I’m probably dating myself by referencing that antique, fairly offensive Virginia Slims tagline that encouraging women to embrace feminist progress by flaunting a florally decorated brand of cigarettes. Now it comes across as hideously dated, but in the 1960s, the idea that women could do anything that men could, including poisoning themselves with nicotine, was both novel and incredibly exciting. When I was around eight years old, I remember struggling with whether I would prefer to be a world famous concert pianist or the first female president. I was clearly thinking small.
I got a taste of politics as a college intern in Washington (although no one made a pass at me except for a bartender with bad breath), and learned fairly quickly that I didn’t have a thick enough skin to survive in that arena. But I always wondered whether I’d get to see someone else achieve that “first female president” goal.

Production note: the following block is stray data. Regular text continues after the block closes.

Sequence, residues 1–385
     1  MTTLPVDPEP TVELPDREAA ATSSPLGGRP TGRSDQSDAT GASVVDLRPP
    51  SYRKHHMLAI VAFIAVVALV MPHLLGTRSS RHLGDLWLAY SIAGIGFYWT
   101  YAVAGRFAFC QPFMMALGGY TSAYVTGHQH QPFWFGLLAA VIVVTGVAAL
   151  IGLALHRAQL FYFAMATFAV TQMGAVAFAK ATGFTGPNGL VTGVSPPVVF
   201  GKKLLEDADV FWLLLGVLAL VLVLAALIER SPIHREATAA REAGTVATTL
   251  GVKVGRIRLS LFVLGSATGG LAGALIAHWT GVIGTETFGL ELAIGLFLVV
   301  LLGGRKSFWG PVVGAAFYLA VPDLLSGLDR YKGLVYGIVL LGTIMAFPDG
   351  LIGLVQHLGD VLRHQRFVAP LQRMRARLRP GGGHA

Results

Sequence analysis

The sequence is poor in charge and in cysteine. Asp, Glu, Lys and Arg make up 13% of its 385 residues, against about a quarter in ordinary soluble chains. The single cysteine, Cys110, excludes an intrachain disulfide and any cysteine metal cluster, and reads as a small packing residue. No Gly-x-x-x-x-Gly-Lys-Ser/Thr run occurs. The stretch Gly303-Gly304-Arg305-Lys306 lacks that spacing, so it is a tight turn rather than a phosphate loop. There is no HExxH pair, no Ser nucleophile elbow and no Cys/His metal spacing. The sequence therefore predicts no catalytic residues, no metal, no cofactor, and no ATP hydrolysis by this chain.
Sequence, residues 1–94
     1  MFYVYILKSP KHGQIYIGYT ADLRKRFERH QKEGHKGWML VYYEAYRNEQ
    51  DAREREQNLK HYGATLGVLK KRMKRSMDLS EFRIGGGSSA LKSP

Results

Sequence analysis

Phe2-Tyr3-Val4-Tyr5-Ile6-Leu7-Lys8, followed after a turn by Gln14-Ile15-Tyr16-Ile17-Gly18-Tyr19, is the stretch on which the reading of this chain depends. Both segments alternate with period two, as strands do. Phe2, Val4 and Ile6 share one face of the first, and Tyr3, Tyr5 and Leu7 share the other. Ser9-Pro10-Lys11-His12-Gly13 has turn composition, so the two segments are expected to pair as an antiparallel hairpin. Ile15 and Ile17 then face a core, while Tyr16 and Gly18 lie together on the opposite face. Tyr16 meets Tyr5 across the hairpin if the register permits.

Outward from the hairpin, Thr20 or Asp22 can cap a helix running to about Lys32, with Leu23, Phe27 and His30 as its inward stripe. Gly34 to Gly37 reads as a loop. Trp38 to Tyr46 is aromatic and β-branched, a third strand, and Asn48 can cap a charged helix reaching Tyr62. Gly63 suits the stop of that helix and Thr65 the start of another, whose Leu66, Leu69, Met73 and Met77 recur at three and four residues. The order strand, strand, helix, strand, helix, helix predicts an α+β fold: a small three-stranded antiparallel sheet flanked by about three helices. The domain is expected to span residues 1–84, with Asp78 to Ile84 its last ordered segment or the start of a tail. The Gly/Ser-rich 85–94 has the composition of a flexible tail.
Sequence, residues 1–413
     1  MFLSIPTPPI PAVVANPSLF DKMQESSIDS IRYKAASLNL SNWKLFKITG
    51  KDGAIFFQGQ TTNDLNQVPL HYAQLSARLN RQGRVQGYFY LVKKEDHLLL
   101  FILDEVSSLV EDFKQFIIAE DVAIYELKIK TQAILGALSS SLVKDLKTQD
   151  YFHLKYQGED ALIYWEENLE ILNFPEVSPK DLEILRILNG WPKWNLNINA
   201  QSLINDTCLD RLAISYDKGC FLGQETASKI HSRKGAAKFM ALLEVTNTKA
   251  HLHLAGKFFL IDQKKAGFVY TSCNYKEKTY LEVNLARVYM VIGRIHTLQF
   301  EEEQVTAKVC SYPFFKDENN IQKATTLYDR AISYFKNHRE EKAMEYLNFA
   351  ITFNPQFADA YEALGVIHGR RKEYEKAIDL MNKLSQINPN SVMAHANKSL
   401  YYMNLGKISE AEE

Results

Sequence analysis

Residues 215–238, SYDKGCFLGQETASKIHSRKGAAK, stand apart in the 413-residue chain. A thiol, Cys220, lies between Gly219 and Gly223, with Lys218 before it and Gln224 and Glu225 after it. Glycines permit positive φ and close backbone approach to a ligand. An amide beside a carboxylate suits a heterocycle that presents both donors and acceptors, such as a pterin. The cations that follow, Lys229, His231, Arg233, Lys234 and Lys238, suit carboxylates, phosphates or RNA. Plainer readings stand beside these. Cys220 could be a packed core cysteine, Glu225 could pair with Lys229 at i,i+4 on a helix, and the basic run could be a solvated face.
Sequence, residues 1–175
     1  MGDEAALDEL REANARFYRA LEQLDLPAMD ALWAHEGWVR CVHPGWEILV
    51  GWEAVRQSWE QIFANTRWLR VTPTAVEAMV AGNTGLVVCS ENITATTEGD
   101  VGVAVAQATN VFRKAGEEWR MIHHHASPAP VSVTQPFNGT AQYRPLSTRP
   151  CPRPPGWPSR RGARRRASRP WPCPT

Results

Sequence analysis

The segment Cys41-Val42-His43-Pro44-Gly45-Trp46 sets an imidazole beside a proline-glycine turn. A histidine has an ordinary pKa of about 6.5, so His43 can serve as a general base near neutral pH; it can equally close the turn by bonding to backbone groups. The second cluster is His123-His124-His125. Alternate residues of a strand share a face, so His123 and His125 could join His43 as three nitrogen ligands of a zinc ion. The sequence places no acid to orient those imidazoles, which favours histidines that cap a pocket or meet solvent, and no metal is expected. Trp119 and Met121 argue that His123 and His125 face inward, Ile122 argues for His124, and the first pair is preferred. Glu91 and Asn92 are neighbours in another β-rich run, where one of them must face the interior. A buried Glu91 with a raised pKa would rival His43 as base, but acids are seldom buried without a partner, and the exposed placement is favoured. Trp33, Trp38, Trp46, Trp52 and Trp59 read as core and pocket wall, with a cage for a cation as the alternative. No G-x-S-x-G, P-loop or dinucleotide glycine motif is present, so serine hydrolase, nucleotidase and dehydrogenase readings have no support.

Like all good starving artists, I was working as a waitress in New York when Mondale selected Geraldine Ferraro as the first female member of a major party presidential ticket, and all of us called our mothers in a collective burst of feminist solidarity. So by 2008, I was ready for some more groundbreaking. I was excited for Hillary Clinton to be even a viable candidate, and thrilled that I resembled Sarah Palin enough to come in second in a lookalike contest.
But now it’s looking like Mrs. Clinton isn’t just a possibility, she’s already assumed to be the de facto nominee for 2016 (if she chooses to run; the suspense over that choice has been as gripping as any of the soap operas that have gone off the air). It’s fascinating to see how people react. If nothing else, she has proven that she definitely has the resilience, thick skin, and quick reflexes to rebound from whatever gets thrown at her, from insults to conspiracy theories to random shoes (to insulting conspiracy theories about how she was somehow behind that shoe throwing…).